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May we continue living in interesting times of creative destruction and transformation

In search of competitiveness, U.S. manufacturing companies and supply chain organizations have been investing in the digital transformation of their processes. As I discuss in previous postings, for instance the Rise of the machines, advances in robotics and automation will very likely continue displacing low-skilled jobs. However, new positions will be created. For instance, a recent article in The Economist reports that, in Connecticut, General Dynamics Electric Boat and Pratt & Whitney alone should add over 23,000 jobs in the manufacturing sector in the next decade. The Manufacturing Institute and Delloite estimate that over the next decade nearly 3.5 million jobs will open in the manufacturing sector. However, and here is one of the critical challenges, their insightful research also highlight that about 2 million of those jobs may go unfilled.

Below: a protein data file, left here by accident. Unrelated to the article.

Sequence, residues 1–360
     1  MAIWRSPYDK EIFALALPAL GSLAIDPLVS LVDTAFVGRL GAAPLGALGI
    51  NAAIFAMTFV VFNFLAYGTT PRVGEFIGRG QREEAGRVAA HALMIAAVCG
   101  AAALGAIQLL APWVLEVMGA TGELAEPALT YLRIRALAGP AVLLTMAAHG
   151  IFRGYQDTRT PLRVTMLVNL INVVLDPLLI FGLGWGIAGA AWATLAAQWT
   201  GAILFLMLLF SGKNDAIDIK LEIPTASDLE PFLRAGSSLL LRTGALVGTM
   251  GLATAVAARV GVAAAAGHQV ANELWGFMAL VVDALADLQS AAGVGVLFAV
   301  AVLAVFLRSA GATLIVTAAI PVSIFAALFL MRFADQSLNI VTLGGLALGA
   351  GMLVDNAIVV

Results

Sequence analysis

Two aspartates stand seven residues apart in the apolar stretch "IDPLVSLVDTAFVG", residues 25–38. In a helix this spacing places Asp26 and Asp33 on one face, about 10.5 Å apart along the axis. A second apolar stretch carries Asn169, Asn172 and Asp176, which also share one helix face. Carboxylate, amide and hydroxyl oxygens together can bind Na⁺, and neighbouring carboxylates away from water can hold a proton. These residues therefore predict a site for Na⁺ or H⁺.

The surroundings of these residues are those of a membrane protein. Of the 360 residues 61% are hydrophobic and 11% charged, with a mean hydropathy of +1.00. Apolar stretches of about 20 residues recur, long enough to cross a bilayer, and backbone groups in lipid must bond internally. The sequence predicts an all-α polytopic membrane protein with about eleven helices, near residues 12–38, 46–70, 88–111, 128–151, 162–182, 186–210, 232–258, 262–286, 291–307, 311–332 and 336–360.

As I note in my posting – Value chain transformation, competitive revitalization, and impact on the labor force, without better education and more skills, workers will struggle to take advantage of technological advancements, not only in manufacturing, but also in supply chain. I also highlight the role of an ecosystem supportive of new businesses and small manufacturers enabled by, or that can thrive assisted with, new technologies. In this regard, based on my past research and industry experience, I believe that building a strong culture of innovation in the manufacturing and supply chain organizations will assist leaders in harnessing talent and fostering transformation.

An interesting reading on the issue:

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